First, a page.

Aqui y Ahora
News & Documentary Emmy Award for Outstanding Investigative Journalism in Spanish
News & Documentary Emmy Award for Outstanding Investigative Journalism in a News Magazine
Jorge Ramos, Maria Elena Salinas, Isaac Lee Possin, Daniel Coronell, Alicia Menendez
Mariana atencio 2013 reel
Mariana Atencio is a Peabody-Award winning journalist and news personality working for MSNBC and NBC News, where she covers domestic and international issues doing breaking news and special reports. The Huffington Post called her "our Latina Christiane Amanpour" and one of the top 15 Latinas in American Newsrooms, making the rare "crossover from Spanish to English television".
- Mariana atencio 2013 reel
- Mayor aja brown and mariana atencio reimagining compton
- Early life and education
- Career and awards
In the 2016 election, Atencio focused her reporting on the importance of Latino voters in the U.S. Prior to NBC, she worked as an anchor/correspondent for Univision and Fusion Networks from 2011 to 2016. She is known for her field tenacious reporting, reporting on global youth unrest and protests. In 2015, Atencio reported on the ground for ABC's "Pope Francis and the People," as part of 20/20's Virtual Audience with Pope Francis, becoming an intermediary between the Pope and Latino immigrants prior to his historic visit to the US. She also led Fusion's coverage of the fifth anniversary of the Haiti earthquake; the protests Ferguson, MO; the youth movement in Hong Kong; the disappearance of 43 students in Mexico; and President Obama's executive order on immigration. Atencio's coverage of the 2014 student protests in Venezuela aired on ABC's World News with David Muir
Mariana is also a passionate public figure and speaker. In 2017, she gave a TEDx Talk about the search for our humanity, tolerance and inclusiveness in our world. In 2016, she spoke before the United Nations about the future of Latin America where she also moderated the Impacto Latino Summit in 2015.
Mayor aja brown and mariana atencio reimagining compton
Early life and education
Mariana Atencio is the eldest of 3 children. She grew up in Caracas, Venezuela and attended a local school. She is bilingual in Spanish/English. Her bicultural upbringing has allowed her to cover stories related to Latinos in the United States.
After high school, Mariana took a gap year to study at Choate Rosemary Hall in Connecticut but returned to Venezuela for college. Atencio has an undergraduate degree in Communications from the Universidad Católica Andrés Bello in Caracas where she majored in advertising and wrote her thesis on RCTV. She was also part of the student movement that emerged after Venezuelan president Hugo Chávez shut down Radio Caracas Televisión (RCTV), the oldest television station in the country. Mariana left Venezuela when she was awarded the Castagno full-merit scholarship from Columbia University’s Graduate School of Journalism in 2008.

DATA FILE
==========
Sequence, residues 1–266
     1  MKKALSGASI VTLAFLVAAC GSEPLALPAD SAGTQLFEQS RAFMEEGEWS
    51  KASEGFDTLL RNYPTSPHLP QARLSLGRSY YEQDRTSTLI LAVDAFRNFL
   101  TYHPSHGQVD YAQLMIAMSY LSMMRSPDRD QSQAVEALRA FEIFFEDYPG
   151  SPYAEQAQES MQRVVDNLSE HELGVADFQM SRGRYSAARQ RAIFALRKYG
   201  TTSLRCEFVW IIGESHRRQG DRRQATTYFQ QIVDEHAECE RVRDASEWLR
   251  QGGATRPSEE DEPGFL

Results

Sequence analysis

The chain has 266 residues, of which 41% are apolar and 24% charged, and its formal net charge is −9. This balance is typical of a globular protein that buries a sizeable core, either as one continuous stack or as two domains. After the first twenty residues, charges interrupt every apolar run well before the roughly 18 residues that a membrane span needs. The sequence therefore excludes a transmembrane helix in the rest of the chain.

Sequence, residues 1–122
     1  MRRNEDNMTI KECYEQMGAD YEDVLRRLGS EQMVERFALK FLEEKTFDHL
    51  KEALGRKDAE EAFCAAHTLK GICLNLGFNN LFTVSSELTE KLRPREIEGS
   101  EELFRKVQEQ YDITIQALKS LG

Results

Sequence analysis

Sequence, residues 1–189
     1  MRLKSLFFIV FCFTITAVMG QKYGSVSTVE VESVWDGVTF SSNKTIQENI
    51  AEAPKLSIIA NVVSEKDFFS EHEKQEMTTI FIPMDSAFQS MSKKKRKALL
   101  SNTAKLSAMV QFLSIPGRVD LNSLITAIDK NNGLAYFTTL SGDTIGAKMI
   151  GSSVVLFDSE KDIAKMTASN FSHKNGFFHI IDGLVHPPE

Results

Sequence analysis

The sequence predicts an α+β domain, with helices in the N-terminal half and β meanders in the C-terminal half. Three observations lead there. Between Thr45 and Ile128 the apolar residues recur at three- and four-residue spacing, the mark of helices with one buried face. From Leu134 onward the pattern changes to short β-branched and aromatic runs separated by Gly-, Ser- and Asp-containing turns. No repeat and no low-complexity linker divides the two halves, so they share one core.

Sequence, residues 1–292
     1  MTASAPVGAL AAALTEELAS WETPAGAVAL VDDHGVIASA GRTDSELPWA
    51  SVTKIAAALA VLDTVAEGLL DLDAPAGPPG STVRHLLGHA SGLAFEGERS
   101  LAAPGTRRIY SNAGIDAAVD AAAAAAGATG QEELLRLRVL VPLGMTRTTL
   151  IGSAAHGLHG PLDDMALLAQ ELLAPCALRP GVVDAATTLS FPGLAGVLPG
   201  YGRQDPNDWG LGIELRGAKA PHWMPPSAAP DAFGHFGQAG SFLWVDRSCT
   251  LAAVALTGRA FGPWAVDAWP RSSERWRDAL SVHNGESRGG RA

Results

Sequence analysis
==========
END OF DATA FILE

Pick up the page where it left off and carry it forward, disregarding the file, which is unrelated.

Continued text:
In 2014, her younger sister Graciela Atencio, a lawyer, was hit by a car in New York suffering multiple injuries. Graciela recovered and together with Mariana supports the Teletón Foundation, an organization that helps kids with disabilities across North and South America.
Mariana is married to Venezuelan entrepreneur and app developer José Antonio Torbay, founder of "The Grint,"
Career and awards
Prior to NBC News, Atencio anchored 'The Morning Show' on Fusion (TV channel). In December 2014, it was reported that “Fusion Live,” the nightly 8 pm newscast anchored by Mariana Atencio, Pedro Andrade, and Yannis Pappas was cancelled. She later briefly hosted the Sunday public affairs show 'Al Punto, Florida' on Univision, where she also co-anchored the network's 2016 democratic presidential debate.
She was awarded a Peabody Award and an Investigative Reporters and Editors (IRE) Award as one of the investigative team's reporters on “Fast and Furious: Arming the Enemy”, a one-hour documentary on the gun-walking scandal known as "Operation Fast and Furious’’. The investigation was directed by Pulitzer-prize winning journalist Gerardo Reyes.
After Univision aired the investigation, a public debate erupted in Mexico on how much the Mexican government knew about the guns crossing the border. Congress pressed the U.S. Justice Department for more information, and one U.S. Congressman called “Rápido y Furioso” the “Holy Grail” that broke the case.
At Univision, she also hosted and co-directed together with three-time Emmy award-winning Spanish journalist Tomás Ocaña, the Univision documentary "PRESSURED: Freedom of the Press", a one-hour film on the fragile state of press freedom in Latin America, for which they received a Gracie Award for "Outstanding Documentary."
For Noticiero Univision, she reported on the death of Venezuelan President Hugo Chávez in 2013 from Miami and conducted investigations on the Chávez family fortune for Noticiero Univision and "Aquí y Ahora" (Here and Now), Univision's Sunday evening investigative newsmagazine.
Prior to joining Univision, Atencio worked as news anchor/reporter for Vme-TV, the first national Spanish-language network presented by public television stations. At "Vme-TV" she co-presented the Royal Wedding broadcast in 2011; reported on the 2010 mid-term elections and hosted and produced the news segment "Census 2010, The Future is Now", on how the country's demographics were changing due to the growing Latino population.
From 2009 to 2010, she worked as a multimedia reporter at Impremedia's El Diario/La Prensa, in New York City, the fastest growing paid major daily newspaper in the country.